I think I might ref some AYSO soccer matches instead of watching the World Cup.

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David Robinson NBA Hall of Fame

David Robinson is all class, from the wonderful words he says to his wife to the way he affirmed his sons.  The speech is a typical acceptance style speech, thanking everyone for all the effort contributed, but his ending is tremendous.  Now many sports figures have given thanks to God, but David Robinson says it here better than anyone I have ever heard.  30 seconds well framed and spoken, giving God thanks and blessing a crowd that has it all and has heard it all.  Excellent.  Video is 7:45 and the tribute to God starts at about 6:41.  Worth watching.

If you happened to see the Hall of Fame show on ESPN then you will also recall that the day was really focused on Michael Jordan.  His acceptance speech is the exact opposite of Robinson’s;  he couldn”t get off of himself.  The “greatest” player of all time spends his time trying to justify why he deserves that title.  I thought it was sad.  In contrast to how Robinson presented himself it was pathetic.

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USA Soccer Impressive in Win

The United States played an impressive 90 minutes to beat the number 1 team in the world and earn a spot in the finals of the Confederations Cup in South Africa. This is a great win for US Soccer against the premier soccer team in international competition. The US will most likely face a formidable Brazil team this Sunday (Brazil plays host South Africa today in the other semifinal). Spain had not lost since 2006.

Landon Donovan and Tim Howard had great games, Jozy Altidore and Clint Dempsey had the goals.  Spain outshot the US squad 29 to 9 and won the corner kick battle 17-3 but the US put the ball in the net and then held on to keep a very talented group without a goal.

More attention should be given to this really remarkable performance, it will do a lot for US soccer worldwide.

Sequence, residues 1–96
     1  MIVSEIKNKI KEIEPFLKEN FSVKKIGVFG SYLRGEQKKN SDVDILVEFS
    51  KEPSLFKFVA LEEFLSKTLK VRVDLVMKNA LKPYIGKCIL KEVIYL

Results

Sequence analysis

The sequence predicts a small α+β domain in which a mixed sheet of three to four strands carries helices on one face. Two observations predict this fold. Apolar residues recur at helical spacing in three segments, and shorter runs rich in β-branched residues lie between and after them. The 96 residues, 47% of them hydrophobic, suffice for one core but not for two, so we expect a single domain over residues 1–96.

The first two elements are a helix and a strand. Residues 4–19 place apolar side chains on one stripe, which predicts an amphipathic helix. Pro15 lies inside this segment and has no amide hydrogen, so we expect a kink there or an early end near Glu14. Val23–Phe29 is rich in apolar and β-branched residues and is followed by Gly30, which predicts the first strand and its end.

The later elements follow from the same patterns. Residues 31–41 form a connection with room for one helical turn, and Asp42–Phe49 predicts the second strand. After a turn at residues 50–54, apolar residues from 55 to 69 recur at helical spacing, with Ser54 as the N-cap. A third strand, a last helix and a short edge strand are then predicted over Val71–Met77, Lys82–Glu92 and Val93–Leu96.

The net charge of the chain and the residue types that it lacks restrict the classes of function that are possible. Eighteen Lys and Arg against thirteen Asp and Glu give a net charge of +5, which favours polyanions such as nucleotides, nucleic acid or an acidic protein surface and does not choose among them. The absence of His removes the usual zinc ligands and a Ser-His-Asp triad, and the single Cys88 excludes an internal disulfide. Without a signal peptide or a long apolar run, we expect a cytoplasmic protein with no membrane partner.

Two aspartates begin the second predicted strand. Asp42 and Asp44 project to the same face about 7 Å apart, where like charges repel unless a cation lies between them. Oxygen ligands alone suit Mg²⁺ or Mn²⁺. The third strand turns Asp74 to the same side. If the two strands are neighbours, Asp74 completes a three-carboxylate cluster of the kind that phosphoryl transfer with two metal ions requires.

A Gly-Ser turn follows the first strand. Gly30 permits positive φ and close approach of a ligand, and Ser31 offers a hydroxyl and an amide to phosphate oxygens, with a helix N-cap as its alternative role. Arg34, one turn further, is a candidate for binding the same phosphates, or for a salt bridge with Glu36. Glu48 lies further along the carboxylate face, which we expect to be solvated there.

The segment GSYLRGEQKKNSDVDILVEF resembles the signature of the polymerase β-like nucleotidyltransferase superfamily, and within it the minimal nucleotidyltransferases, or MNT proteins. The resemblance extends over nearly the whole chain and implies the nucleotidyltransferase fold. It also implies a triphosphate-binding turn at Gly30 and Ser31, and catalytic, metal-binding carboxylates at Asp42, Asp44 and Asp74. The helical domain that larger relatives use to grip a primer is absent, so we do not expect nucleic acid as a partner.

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Westmont vs. Azusa Pacific Soccer Match

Westmont College is my alma mater.  I met my wife Kelly there.  My oldest son Timothy graduated in 2007.  My sons Levi (Junior) and Caleb (Freshman) attend presently and my youngest (Joseph) has always wanted to attend and will probably attend.  So it was with anguish and a heightened sense of anxiety that I watched the college burn last Thursday night.  I watched my son’s dorm as it was on fire.  We are still waiting to find out the status of his room and whether his belongings are intact.  We have had some of the displaced Westmont students in our home the last few days.

In the middle of all of the tragedy, the Westmont men’s soccer team was scheduled to play the Golden State Athletic Conference championship game against Azusa Pacific University (APU) on Saturday. APU graciously agreed to postpone the game.  And Monday was a soccer day for me.  I thoroughly enjoyed watching Westmont win, I will leave the cliche’s and hyperbole for the articles listed below.  I simply love to see Westmont beat APU, and especially under these circumstances.  Read about the wonderful relationship between the coaches (they are brothers), the good sportsmanship displayed by APU, and the hospitality and camaraderie that comes from both competition and common faith.  Really heartwarming.

Read a great story before the game on Azusa’s Website about the rivalry and friendship among the teams.  The website ran this story about the game.  Bill Plaschke of the LA Times wrote this really good story as well.